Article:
Xenon tetrafluoride is a chemical compound having the chemical formula XeF4. It is formed by the reaction of xenon with fluorine. Xenon tetrafluoride is a white-colored solid compound with a square planar shape. Xenon tetrafluoride is non polar and has zero dipole moment.
According to VSEPR theory in xenon tetrafluoride, the xenon center has two lone pairs. White crystalline colorless solid and sublimes at 115.7 ℃.
Xenon tetrafluoride is formed by the reaction of Xe with fluorine.
Xe + 2F2 → XeF4
This is an exothermic reaction releasing 251 KJ/mole energy.
Lewis Structure of XeF4 :
Xenon tetrafluoride consist of Xenon noble gas. As we know that noble gases do not share electrons to any other atom. But xenon is different. The electronic configuration of xenon is ;
1s2 ,2s2, 2p6, 3s2, 3p6, 4s2, 3d10, 4p6, 5s2, 4d10, 5p6
5th energy level of the orbital consists of s,p, d, and f. Xenon has only completely filled s and p. The coming force from outside the electrons from p moves into the d orbital. And then these moving electrons participate in bond formation. So as for drawing Lewis’s structure, Xenon is a noble gas and is expected to have more than 8 electrons from outside.
For this problem.
We will use the number of valence electrons and valence shell electronic configuration of electrons of each atom to help in drawing the right Lewis structure.
By obtaining the following:
- valence electrons
- Electron configuration
Valence electrons of XeF4 :
This can be given out by sum up of valence electrons of each atom in the compound. First of all list down the atoms present and the total number of atoms in the compound. AS we know that in xenon tetrafluoride there is 1 xenon and four fluorine. And from the periodic table, we get the valence electrons of each atom.
|Atom||No.of atom||valence e–||sub-total|
So xenon has 8 electrons and fluorine has 7 electrons so the total number of electrons is 36 electrons.
The electronic configuration of xenon tetrafluoride is;
1s2 ,2s2, 2p6, 3s2, 3p6, 4s2, 3d10, 4p6, 5s2, 4d10, 5p6
In xenon tetrafluoride, the xenon is a less electronegative atom so it is considered a central atom. First of all, we draw single bonds between the central atom and terminals fluorine atoms. Then we draw the remaining unpaired electrons of each atom according to their number of valence electrons. Now after this we have to check the stability of xenon tetrafluoride the fluorine must follow the octet rule. Fluorine must have 8 electrons. There is no lone pair.
Dipole moment in XeF4 :
By knowing the dipole moment helps to determine the position of atoms attached to the central atom is correct or not. For dipole moment between Xenon and Fluorine, it helps us pull xenon towards fluorine because fluorine is more electronegative in nature. Between the central atom and its lone pair direction of the dipole moment will favor pointing to the lone pair. The geometry is square planar.
Imagine a plane on the y-axis perpendicular to the plane on the x-axis. The lone pairs are present in the plane on the y-axis. Fluorine atoms are in the perpendicular plane on the x-axis. The lone pair pulls xenon atoms towards them at equal force. Fluorine atoms also pull the xenon atom towards them in opposite direction and with the same amount of force.
This results in zero dipole moment.
Xenon tetrafluoride contains xenon as the central atom and it is the place where hybridization takes place. The valence shell of an atom contains 6 electrons in a 5p orbital. Whereas there are 2 electrons in the 5s orbital. There are no electrons present in f and d orbitals.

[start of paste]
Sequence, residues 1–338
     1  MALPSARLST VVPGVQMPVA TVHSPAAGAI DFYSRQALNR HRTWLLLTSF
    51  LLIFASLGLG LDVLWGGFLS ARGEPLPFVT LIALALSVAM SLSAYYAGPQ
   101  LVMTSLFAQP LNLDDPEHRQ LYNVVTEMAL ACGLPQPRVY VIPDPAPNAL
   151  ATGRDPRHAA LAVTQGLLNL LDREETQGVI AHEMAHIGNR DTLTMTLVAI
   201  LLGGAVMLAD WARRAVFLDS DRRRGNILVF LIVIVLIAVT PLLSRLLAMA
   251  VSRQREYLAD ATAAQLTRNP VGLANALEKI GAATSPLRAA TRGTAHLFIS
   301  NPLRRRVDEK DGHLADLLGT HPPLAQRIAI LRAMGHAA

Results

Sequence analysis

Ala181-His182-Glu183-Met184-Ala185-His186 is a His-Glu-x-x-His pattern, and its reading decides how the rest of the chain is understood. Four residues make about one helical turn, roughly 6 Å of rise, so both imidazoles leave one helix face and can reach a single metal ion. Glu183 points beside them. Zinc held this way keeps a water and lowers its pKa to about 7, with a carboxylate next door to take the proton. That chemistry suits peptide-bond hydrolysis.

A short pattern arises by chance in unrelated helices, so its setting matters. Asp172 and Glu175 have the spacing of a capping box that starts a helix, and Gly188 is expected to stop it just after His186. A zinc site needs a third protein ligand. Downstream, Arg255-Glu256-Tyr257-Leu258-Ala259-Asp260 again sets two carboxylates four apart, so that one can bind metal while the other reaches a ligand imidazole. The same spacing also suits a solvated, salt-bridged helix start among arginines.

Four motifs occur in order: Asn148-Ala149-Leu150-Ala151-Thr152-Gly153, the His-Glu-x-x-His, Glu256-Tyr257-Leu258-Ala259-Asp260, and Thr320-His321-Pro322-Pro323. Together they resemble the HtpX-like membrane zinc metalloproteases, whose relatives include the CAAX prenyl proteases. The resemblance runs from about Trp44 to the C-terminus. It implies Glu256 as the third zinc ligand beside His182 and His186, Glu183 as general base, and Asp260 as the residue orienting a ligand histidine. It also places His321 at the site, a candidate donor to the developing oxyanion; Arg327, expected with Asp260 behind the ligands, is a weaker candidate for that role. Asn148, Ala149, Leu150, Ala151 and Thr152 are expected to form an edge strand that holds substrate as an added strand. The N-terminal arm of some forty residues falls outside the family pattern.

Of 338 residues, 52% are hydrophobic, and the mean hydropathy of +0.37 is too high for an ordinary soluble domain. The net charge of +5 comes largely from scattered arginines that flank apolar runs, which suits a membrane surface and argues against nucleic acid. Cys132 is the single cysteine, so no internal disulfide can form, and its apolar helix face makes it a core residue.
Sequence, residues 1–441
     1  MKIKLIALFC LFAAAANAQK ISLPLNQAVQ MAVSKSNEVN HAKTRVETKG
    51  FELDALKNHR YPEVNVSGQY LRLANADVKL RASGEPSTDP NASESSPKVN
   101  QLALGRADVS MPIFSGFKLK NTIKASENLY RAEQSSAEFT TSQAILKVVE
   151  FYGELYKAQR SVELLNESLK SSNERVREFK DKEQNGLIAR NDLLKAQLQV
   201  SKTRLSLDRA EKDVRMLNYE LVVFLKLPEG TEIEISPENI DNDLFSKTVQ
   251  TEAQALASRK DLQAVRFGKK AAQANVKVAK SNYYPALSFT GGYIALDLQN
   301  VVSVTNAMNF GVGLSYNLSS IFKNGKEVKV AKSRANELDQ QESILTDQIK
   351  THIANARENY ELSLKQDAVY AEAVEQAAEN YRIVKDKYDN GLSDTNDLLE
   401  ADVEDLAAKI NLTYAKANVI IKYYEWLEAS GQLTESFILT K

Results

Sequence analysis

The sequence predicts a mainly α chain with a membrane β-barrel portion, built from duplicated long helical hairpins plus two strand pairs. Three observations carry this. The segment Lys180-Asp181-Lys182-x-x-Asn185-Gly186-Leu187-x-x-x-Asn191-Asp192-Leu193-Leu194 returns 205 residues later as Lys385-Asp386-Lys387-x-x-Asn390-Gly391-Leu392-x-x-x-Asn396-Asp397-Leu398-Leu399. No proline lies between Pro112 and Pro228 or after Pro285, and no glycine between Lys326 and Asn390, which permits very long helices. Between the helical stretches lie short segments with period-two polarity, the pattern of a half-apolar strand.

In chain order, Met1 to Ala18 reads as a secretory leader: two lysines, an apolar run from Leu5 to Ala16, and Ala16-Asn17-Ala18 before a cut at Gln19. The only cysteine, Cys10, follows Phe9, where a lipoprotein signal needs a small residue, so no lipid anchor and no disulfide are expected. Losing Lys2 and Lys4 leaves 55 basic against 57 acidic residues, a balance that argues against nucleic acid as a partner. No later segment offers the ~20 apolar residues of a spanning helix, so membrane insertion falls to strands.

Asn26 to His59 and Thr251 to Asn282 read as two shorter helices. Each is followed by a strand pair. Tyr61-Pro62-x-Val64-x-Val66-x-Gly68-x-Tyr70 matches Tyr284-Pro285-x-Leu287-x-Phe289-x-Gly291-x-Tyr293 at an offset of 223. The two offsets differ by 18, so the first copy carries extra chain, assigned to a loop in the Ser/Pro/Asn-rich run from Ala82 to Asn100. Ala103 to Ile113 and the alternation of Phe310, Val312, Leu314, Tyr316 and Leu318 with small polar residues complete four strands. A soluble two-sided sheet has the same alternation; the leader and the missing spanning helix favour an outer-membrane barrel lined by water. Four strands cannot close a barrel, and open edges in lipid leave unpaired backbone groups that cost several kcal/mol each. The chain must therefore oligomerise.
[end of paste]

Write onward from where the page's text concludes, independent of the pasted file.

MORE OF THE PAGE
AS we discussed earlier that in xenon tetrafluoride the two electrons in the 5p orbital becomes excited and move to 5d orbitals in order to fill empty or vacant space. And after this, the remaining 4 unpaired electrons form sp3d2 hybridization in which there are two unpaired electrons in the 5p orbital and 2 in the 5d orbital. A sigma bond is formed so xenon tetrafluoride has sp3d2 hybridization.
Points to be noted:
- In xenon tetrafluoride, the central atom constitutes 6 electron pairs in which 2 are lone pair electrons.
- So hybridization is because 2 electrons shifted from p to d which results in the formation of a sigma bond with fluorine.
As xenon tetrafluoride has two lone pair electrons. According to VSEPR theory, the net electronic repulsion will be decreased. And in this way, they get a stable state. For this, the lone pairs lie in a perpendicular plane in an octahedral arrangement that is opposite from each other. And the bond angle is 90 degrees. So that’s why xenon tetrafluoride has square planar geometry.
Polarity of XeF4 :
Xenon tetrafluoride is non polar molecule. As we discussed that there is square planar geometry and the net dipole moment is zero across the molecule. So there is uniform charge distribution and no polarization across xenon tetrafluoride.
Mo diagram of XeF4 :
First of all the MO diagram of any molecule explain chemical bonds in a given molecule with the help of molecular orbital theory. MO diagram helps to determine the existence of molecules. This determines the strength of bonds and electronic transitions.
In xenon tetrafluoride, there is square planar geometry. And there is a 1.95A° distance between xenon and fluorine. It is explained through valence bond theory that there are 2 nonbonding electrons that jump from p orbital to d orbital in order to fill vacant space. 4 half-filled orbitals form covalent bonds with half-filled 2p orbitals of the fluorine atom in the structure.
Xenon tetrafluoride there is 2 lone pairs and four bond pairs.
Uses of XeF4:
It is used in finding traces of silicon metal that is contaminated with rubber.